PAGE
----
Lexicon Of Love: The Liar’s Dictionary By Eley Williams

The debut novel by Eley ('Attrib.') Williams turns out to have a heart as big as its vocabulary, finds CD Rose

Photo credit: Sophie Davidson

“I tried to read the dictionary – there wasn’t much plot, but at least it kept explaining as it went along.” The joke may be old but there is, perhaps, a sub-genre of contemporary writing that could be called ‘dictionary fiction.’ The field would include Milorad Pavic’s Dictionary of the Khazars, Laurence Norfolk’s Lemprière’s Dictionary, and Pip Williams’ The Dictionary of Lost Words. The logic of the form is easily explicable: in times of deep uncertainty, the urge arises to classify, explain, pin down. Complexities are clarified, order is established, chaos is averted. Such fiction is a universal ‘to do’ list for anxious souls, concretising the worryingly nebulous.

Unfortunately, the best fiction has a habit of posing more questions than it can answer, of experiencing problems rather than solving them. And – even in the parlous times we are living through – there is nothing more uncertain or baffling than the human heart.

This is why other entries in the catalogue of dictionary fiction might include David Levithan’s The Lover’s Dictionary, Xiaolu Guo’s A Concise Chinese-English Dictionary for Lovers, or – at a stretch – Roland Barthes’ A Lover’s Discourse (a ‘discourse’ not a ‘dictionary,’ but a series of alphabetically arranged definitions, nevertheless.) And it is what makes Eley Williams’ The Liar’s Dictionary all the more essential.

The Liar’s Dictionary is Williams’ first novel, following the justly-acclaimed 2017 collection of short stories Attrib., and while fans of that book certainly won’t be disappointed with this one, they will find something rather different here.

The Liar’s Dictionary begins in a familiar way with a preface which talks about what dictionaries are, can be, and could do. It addresses ‘you’ directly, it draws attention to itself as a physical object, it puns and plays and invites you to wonder. The preface draws on Italo Calvino and Ali Smith, and adds wonderfully to their legacy.

After that, we step into the first of twenty-six alphabetically-sequenced chapters to find Mallory, an office-bound min-waged factotum (not) busy digitizing Swansby’s, a lesser-known and notoriously incomplete encyclopaedic dictionary. Mallory narrates every other chapter, alternating with the hapless yet endearing Peter Winceworth, a little-noticed researcher and scribe at work in the same office on the original edition of the dictionary, more than a century earlier.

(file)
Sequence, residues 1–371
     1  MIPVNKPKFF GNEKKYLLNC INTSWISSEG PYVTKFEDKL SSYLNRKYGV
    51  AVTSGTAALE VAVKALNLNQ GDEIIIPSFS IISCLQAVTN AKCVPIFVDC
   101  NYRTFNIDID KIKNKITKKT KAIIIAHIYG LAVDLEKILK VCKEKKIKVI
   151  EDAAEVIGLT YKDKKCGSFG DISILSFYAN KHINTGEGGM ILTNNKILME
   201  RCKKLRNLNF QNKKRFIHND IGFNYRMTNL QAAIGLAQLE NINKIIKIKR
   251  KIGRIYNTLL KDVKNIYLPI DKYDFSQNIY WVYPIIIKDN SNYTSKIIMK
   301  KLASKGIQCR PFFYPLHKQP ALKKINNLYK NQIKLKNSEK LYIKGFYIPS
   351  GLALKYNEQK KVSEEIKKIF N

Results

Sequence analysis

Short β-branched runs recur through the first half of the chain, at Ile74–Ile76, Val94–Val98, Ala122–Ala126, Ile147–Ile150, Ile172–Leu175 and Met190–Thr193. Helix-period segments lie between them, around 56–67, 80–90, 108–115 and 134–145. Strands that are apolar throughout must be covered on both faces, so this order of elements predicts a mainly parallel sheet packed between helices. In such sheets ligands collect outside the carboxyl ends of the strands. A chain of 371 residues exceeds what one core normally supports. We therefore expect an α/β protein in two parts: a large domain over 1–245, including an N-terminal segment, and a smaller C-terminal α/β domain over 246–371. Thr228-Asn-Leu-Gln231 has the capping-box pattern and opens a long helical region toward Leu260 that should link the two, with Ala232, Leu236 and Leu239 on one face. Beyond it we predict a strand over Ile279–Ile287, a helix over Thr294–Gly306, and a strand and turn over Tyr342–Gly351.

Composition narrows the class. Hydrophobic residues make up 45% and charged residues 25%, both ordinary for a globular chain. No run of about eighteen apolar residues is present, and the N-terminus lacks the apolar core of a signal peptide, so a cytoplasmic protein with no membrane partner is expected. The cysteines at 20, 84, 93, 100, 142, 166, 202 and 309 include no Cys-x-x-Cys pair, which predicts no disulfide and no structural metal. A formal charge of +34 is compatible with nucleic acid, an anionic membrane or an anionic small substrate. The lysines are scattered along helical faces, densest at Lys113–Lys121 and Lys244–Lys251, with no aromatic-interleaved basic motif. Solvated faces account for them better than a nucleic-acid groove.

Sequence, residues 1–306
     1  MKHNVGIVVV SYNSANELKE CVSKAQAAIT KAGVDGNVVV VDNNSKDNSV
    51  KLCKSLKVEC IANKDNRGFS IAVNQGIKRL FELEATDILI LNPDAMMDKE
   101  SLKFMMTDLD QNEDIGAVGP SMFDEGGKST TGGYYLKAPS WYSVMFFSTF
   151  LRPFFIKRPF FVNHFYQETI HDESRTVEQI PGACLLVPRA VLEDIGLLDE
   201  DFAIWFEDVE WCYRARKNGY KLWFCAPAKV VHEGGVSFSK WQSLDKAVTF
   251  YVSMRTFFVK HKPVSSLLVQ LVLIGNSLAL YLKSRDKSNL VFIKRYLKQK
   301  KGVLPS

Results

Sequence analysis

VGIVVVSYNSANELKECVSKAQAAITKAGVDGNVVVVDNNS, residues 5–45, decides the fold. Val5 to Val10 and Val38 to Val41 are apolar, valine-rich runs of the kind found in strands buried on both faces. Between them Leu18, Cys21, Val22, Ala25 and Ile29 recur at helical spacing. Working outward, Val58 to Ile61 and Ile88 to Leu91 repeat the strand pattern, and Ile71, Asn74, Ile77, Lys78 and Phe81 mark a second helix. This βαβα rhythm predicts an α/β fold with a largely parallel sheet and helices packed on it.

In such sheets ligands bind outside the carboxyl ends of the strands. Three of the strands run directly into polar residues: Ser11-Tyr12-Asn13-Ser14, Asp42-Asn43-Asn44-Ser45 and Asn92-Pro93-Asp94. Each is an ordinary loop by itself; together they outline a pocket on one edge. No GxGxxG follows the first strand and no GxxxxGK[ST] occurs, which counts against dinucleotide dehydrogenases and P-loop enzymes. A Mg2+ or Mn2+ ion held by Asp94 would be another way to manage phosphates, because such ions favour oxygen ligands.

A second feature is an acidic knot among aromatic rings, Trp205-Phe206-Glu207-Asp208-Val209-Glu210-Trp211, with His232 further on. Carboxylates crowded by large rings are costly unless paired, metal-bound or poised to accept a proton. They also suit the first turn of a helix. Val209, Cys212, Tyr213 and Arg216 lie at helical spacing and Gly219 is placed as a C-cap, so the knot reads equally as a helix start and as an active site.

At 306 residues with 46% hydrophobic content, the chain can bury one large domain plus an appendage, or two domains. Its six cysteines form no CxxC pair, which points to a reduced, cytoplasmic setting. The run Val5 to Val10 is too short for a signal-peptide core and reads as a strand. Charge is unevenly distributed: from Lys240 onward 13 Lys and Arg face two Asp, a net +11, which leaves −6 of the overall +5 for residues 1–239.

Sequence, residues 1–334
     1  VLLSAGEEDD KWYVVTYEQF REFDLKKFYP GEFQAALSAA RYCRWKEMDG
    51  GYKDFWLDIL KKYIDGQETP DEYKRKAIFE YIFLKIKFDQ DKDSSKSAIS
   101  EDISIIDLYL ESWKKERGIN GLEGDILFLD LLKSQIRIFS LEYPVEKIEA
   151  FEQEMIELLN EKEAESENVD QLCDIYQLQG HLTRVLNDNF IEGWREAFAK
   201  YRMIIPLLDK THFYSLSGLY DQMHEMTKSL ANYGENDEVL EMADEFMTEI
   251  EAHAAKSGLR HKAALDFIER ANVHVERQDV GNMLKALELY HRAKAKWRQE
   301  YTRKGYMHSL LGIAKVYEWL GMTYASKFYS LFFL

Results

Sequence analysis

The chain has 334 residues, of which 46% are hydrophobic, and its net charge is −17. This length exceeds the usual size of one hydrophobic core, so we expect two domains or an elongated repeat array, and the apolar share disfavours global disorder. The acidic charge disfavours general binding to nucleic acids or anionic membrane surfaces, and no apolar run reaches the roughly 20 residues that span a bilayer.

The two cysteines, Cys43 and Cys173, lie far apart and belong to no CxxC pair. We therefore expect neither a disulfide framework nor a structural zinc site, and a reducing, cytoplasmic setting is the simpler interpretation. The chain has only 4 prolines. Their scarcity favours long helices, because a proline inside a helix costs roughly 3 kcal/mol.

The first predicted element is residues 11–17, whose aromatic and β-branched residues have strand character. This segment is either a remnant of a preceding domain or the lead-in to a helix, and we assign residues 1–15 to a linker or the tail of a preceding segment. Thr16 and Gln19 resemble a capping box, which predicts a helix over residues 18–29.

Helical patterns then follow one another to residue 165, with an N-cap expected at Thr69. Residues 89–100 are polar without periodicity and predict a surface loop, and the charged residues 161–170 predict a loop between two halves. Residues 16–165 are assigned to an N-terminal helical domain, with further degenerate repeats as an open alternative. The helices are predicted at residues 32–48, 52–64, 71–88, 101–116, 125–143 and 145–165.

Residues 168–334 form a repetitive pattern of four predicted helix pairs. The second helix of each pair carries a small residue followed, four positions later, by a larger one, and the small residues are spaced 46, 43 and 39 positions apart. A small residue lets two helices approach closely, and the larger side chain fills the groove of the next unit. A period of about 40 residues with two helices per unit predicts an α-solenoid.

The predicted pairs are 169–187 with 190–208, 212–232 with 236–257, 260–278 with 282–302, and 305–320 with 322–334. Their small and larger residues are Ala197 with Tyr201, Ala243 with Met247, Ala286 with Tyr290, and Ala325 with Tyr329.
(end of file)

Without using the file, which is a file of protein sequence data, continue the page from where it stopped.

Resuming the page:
Mallory, somewhat adrift, stunted in a pointless job and plagued by threatening phone calls feels very much a contemporary, while Winceworth at first seems one of Robert Walser or Franz Kafka’s desk-bound drudges, only soon to become something more akin to a character from a Saki story (the Edwardian satirist being one of Williams’ professed favourite writers) as he becomes entangled with the office bro, Terence Frasham, and his enigmatic (apparent) fiancée Sophia Slivkovna.

With its historical and contemporary settings, rounded relatable characters, and a plot to which one could even give spoilers (I shan’t, though suffice to say that there are explosions, debauched soirées, and even a train crash), The Liar’s Dictionary is recognisably a Proper Novel. (Those who appreciated Attrib.’s rather more tangential approach to the world will be pleased to know that there is a scene in which an emergency tracheotomy is performed on a pelican, however.) It is compulsively readable, welcoming, kind, and generous, and never substitutes sentiment for depth, wit for complexity, or irony for thought.

‘Mountweazels,’ fake words planted in dictionaries to snare copyright cheats and plagiarists, the lexical equivalents of trap streets and paper towns on maps, feature significantly in The Liar’s Dictionary. The modern dictionary that Mallory is working on is revealed to be filled with them, and we find that many have been placed there by her predecessor Winceworth, but not for the customary reasons. While dictionaries and their entries may seem to be a mere McGuffin or handy structuring device, they actually become the theme of the book itself. How can things be defined, this novel asks, and held, or – indeed, even – should they be?

“To name a thing is to know a thing,” thinks Winceworth, though Mallory later acknowledges “I didn’t realise that a dictionary might be like reading a map or looking in a mirror.” One definition can lead to another, and you may rapidly find yourself lost, or not quite where you thought you were. Definitions aren’t as handy as they may have seemed; meaning is complex, and often illusory. Towards the end of the book, it takes the book’s ambiguous hero to point out that “Names after all … should not matter so much.”

Even if they don’t, and definitions reveal themselves as slippery things, dictionaries are an attempt to hold, and a way of choosing to do so. The tricky courtship of word and world, and how a book might hold a world, is essentially the theme of all dictionary fiction. The Liar’s Dictionary, an invaluable addition to that odd canon, ends up – I think – being all about one word, one that James Joyce (an encyclopaediac himself) called “the word known to all,” the word love.

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